Deftones Abe Cunningham Interview Phoenix Ak-Chin Pavilion July 9 | Phoenix New Times


In Conversation with Deftones' Abe Cunningham

"We knew we had something to prove — and honestly, I think we still feel that way a bit."
Deftones return to Phoenix this summer.
Deftones return to Phoenix this summer. Frank Maddocks
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Since their formation in the late ’80s, Deftones have been labeled with about a dozen genres — from new metal and shoegaze to alt rock and dark pop. Often, the Sacramento rockers are suggested as pioneers in said genres. But the five-piece tightly stitches together their influences and cultural backgrounds to create a distinct brand of music that’s had critics placing too much significance on where the band fits into the scene and too little on the impressive scope of Deftones’ sturdy, Grammy-winning catalog.

With eight studio albums, an extensive touring schedule, and plenty of accolades, Deftones have sold more than 10 million albums worldwide. While the band certainly fits into the broader experimental metal category, each album weaves together tracks of different tastes. There are anguished screams and heavy riffing on “When Girls Telephone Boys,” and there’s crunchy guitar punk rock on “Around the Fur.” “Change (In the House of Flies)” is heavy, hook-laden, and melodic, while “Sex Tape” delivers sensual watery dream pop. There’s fuzzy, haunting melodic rock on “Tempest,” and clever usage of drum tempo on “Mein.” There’s even a dreamy cover of Lynyrd Skynyd’s “Simple Man” that vocalist/guitarist Chino Moreno recorded in one take as a teenager.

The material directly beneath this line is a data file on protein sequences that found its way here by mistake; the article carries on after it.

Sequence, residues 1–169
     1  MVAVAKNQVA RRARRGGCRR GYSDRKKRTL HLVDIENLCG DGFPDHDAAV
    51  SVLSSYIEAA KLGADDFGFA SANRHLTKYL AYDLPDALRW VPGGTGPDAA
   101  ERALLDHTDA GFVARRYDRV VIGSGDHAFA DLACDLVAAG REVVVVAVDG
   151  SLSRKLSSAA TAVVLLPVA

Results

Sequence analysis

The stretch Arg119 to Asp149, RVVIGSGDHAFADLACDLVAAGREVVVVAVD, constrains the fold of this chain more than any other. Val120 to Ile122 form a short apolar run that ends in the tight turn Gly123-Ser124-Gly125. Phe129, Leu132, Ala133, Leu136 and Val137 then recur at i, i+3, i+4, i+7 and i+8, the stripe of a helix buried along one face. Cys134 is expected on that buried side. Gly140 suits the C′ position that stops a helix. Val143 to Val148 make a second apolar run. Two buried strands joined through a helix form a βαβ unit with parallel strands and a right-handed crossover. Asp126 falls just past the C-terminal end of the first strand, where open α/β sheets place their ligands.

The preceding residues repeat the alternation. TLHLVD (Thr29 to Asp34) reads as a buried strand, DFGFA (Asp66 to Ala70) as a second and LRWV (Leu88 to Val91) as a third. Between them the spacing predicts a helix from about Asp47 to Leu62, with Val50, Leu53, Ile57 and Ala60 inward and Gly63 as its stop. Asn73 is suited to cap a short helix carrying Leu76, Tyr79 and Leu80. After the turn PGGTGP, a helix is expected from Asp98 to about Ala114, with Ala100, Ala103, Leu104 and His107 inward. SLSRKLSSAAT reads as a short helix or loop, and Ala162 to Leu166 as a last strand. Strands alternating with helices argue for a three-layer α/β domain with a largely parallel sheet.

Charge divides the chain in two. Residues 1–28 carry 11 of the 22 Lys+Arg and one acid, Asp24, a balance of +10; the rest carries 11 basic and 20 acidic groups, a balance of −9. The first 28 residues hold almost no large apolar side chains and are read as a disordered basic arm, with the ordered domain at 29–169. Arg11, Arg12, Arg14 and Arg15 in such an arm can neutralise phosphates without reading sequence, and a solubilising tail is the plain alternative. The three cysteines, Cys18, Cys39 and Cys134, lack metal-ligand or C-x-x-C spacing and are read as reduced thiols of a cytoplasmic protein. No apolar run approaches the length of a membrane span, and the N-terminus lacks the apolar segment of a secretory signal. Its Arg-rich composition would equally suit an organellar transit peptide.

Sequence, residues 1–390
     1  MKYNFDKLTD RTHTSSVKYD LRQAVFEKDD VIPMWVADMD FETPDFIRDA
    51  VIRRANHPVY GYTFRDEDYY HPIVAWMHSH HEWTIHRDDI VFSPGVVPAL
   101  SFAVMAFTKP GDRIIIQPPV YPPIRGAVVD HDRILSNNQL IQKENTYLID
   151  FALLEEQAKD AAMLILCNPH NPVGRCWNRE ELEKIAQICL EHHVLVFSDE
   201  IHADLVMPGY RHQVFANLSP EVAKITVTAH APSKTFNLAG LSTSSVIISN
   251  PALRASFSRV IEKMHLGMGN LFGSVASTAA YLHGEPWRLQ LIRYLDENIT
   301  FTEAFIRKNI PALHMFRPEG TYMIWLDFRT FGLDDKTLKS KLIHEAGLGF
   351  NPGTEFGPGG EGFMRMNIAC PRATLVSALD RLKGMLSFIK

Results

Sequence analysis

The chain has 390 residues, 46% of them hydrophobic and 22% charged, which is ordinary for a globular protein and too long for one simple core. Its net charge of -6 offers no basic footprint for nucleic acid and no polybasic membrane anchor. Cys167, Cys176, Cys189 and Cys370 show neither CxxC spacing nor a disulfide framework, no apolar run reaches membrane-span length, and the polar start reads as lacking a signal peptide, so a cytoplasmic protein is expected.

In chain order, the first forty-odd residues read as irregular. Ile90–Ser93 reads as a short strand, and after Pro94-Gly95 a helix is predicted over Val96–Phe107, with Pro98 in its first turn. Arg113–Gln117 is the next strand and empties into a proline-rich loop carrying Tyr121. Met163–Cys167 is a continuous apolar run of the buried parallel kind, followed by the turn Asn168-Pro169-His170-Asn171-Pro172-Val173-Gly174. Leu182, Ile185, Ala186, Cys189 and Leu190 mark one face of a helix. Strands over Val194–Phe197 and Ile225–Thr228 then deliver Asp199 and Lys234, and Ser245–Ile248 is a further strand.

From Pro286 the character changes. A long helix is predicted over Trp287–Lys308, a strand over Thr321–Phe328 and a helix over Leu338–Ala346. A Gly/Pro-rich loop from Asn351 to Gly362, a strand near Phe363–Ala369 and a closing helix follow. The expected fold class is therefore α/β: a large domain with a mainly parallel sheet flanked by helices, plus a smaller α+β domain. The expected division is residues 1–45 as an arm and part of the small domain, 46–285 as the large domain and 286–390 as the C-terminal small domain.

Together, Moreno, guitarist Stephen Carpenter, keyboardist/samplist Frank Delgado, drummer Abe Cunningham, and bassist Sergio Vega craft music that sounds like the soundtrack to a dark adult fairy tale. It connects on a visceral level. With so much turmoil and tragedy in the Deftones’ camp (including creative differences and the death of bassist Chi Cheng in 2013), the band channels those problems into soaring aggression and some of the best build-ups to a musical climax that a fan could ask for. And with the band’s eighth album, 2016’s Gore, hitting No. 2 on the Billboard Top 200 Album chart, critics are finally catching up to what the fans have understood all along: You have to listen to each album with fresh ears and without expectations. This is just Deftones being Deftones.

The band’s final tour date with punk rock co-headliners Rise Against is on Sunday, July 9, at Ak-Chin Pavilion. New Times talked with drummer Cunningham about picking the set list for each tour stop, his musical influences, and still feeling like the band has something to prove. (This conversation has been edited and condensed for clarity.)

New Times: You guys play a lot of eclectic bills, from the Iceland Secret Solstice [where vocalist Moreno was invited to do an intimate performance in a volcano] to the current tour with punkers Rise Against, and to some people, appeal to a range of genre fans. How do you curate the set list depending on where the band is playing?
Abe Cunningham: I would like to say we don’t worry about it, but we do. It’s kind of cool because if we’re in a town we haven’t been at in a while, we’ll ask our manager to pull up the set list from the last time we were in that town so we don’t have repeat offending songs. We have quite a bit of material over the years that we’re able to pick and choose and make a nice balance. But we want it to be fun for us, too. There’s also things you have to play that people will be pissed if you don’t! Also this tour, each band is playing only an hour and five minutes. So it’s pretty quick.

I learned a long time ago that you can’t please everyone, but you can certainly try. Plus, our fans like us for a range of reasons. One fan might love us for heavy songs, whereas another wants the shoegaze-y melodics.